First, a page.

•STUDY DESIGN: Cross-sectional. •OBJECTIVES: To investigate the association between knee loading-related osteoarthritis (OA) risk factors (obesity, malalignment, and physical activity) and medial knee laminar (superficial and deep) T1rho and T2 relaxation times. •BACKGROUND: The interaction of various modifiable loading-related knee risk factors and cartilage health in knee OA is currently not well known. •METHODS: Participants with and without knee OA (n = 151) underwent magnetic resonance imaging at 3 T for superficial and deep cartilage T1rho and T2 magnetic resonance relaxation times in the medial femur (MF) and medial tibia (MT). Other variables included radiographic Kellgren-Lawrence (KL) grade, alignment, pain and symptoms using the Knee injury and Osteoarthritis Outcome Score, and physical activity using the International Physical Activity Questionnaire (IPAQ). Individuals with a KL grade of 4 were excluded. Group differences were calculated using 1-way analysis of variance, adjusting for age and body mass index. Linear regression models were created with age, sex, body mass index, alignment, KL grade, and the IPAQ scores to predict the laminar T1rho and T2 times. •RESULTS: Total IPAQ scores were the only significant predictors among the loading-related variables for superficial MF T1rho (P = .005), deep MT T1rho (P = .026), and superficial MF T2 (P = .049). Additionally, the KL grade predicted the superficial MF T1rho (P = .023) and deep MT T1rho (P = .022). •CONCLUSION: Higher physical activity levels and worse radiographic severity of knee OA, but not obesity or alignment, were associated with worse cartilage composition.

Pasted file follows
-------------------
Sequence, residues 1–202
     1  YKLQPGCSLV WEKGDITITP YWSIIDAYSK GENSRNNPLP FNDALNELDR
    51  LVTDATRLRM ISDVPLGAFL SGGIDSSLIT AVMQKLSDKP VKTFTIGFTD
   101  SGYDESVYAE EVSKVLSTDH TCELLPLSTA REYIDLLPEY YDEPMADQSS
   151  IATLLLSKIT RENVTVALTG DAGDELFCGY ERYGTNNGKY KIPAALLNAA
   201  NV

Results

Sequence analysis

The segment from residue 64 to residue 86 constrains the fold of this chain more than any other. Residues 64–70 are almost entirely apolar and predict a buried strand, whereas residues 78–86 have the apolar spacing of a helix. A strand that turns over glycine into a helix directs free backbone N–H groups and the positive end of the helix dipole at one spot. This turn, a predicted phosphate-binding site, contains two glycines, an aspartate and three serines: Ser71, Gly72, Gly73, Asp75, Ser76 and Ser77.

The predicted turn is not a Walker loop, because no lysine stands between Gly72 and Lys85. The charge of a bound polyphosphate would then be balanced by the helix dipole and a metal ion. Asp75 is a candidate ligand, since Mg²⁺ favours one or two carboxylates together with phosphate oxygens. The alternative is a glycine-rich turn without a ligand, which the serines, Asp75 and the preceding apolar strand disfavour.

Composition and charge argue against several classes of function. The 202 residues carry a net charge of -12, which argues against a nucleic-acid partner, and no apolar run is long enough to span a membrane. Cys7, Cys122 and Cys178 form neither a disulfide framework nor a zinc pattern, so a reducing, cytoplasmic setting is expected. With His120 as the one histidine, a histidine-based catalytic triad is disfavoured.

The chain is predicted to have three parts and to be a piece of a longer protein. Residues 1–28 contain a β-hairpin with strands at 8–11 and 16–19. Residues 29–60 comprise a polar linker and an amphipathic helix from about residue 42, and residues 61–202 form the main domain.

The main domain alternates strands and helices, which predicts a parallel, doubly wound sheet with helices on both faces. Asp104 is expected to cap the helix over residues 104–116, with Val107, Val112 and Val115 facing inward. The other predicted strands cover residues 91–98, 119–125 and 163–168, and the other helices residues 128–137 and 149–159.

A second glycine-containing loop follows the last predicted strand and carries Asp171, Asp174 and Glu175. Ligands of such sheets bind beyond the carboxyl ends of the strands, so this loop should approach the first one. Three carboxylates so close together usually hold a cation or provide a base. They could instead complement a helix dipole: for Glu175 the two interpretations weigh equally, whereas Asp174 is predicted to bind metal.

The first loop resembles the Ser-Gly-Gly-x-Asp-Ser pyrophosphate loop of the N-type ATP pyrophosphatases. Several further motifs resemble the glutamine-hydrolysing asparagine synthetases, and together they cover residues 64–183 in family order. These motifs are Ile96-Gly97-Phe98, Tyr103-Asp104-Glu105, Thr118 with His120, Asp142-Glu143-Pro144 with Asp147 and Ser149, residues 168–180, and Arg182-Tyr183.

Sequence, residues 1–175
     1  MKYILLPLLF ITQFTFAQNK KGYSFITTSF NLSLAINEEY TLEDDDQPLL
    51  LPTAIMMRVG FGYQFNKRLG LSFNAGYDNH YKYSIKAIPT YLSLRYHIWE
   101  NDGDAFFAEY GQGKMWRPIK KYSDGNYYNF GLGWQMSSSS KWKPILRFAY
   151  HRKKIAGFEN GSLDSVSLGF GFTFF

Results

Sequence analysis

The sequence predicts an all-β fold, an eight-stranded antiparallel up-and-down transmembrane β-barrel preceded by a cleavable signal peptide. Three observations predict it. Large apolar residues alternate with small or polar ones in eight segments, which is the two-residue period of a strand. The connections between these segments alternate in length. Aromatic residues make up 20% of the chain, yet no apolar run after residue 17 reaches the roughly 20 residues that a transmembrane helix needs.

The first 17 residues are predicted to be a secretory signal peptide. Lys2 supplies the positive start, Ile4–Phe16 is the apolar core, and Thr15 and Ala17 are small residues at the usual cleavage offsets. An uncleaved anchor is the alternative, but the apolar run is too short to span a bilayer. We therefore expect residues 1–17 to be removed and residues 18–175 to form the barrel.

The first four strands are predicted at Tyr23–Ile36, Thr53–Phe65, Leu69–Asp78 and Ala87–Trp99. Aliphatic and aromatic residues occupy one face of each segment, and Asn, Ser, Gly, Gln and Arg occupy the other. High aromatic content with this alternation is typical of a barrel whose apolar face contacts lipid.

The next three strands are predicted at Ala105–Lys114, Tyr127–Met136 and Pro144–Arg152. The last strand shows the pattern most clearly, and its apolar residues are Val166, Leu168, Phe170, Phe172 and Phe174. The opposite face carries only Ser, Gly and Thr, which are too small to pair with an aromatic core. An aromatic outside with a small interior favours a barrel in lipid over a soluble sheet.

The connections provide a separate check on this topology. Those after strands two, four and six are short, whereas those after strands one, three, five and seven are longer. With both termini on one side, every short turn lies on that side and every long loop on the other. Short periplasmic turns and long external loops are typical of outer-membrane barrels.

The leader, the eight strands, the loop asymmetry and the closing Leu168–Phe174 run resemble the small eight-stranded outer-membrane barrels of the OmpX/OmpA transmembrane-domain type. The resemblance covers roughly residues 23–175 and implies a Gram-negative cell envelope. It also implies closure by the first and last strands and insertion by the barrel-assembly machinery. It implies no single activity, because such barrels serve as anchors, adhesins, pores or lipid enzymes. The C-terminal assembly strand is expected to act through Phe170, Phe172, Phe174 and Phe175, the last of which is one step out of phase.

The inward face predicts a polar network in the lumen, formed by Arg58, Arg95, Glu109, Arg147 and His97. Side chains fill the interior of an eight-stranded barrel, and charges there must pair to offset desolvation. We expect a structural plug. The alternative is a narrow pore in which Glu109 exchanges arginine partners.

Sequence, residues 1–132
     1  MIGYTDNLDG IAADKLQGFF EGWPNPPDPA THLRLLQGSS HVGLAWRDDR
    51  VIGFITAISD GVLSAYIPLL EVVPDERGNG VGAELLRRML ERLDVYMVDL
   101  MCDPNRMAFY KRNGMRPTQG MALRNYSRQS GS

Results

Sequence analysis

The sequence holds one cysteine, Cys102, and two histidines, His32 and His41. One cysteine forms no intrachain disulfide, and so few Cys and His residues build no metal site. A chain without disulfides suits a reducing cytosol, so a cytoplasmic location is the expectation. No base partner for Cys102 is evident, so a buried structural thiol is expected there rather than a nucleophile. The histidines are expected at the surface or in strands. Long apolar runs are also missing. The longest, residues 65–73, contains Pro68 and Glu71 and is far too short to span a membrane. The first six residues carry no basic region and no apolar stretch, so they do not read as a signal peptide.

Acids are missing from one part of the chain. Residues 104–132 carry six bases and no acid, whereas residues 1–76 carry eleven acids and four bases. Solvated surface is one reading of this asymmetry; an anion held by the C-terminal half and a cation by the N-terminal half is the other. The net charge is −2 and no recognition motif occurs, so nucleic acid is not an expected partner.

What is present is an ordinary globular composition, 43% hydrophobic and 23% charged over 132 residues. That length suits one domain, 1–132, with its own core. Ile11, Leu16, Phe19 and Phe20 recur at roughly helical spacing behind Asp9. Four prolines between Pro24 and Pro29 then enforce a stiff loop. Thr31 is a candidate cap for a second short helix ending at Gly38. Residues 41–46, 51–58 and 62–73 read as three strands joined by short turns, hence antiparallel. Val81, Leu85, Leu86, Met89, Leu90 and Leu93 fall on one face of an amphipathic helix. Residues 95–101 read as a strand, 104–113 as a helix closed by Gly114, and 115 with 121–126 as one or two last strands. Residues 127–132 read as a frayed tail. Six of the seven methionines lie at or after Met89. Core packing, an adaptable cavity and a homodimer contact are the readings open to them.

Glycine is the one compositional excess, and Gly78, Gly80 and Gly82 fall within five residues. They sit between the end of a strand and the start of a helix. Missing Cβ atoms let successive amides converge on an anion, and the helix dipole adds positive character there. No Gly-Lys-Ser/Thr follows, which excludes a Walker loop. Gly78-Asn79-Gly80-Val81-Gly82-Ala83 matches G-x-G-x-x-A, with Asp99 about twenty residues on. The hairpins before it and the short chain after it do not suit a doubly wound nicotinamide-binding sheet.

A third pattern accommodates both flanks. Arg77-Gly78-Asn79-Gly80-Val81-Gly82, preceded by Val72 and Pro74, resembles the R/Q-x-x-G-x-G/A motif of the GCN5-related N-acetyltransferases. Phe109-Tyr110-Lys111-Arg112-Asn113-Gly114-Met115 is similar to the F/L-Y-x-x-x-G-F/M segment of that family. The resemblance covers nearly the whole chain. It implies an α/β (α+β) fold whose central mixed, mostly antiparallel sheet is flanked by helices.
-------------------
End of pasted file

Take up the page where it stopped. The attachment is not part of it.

|Original language||English (US)|
|Number of pages||9|
|Journal||Journal of Orthopaedic and Sports Physical Therapy|
|State||Published - Jan 1 2014|
- Magnetic resonance imaging
ASJC Scopus subject areas
- Physical Therapy, Sports Therapy and Rehabilitation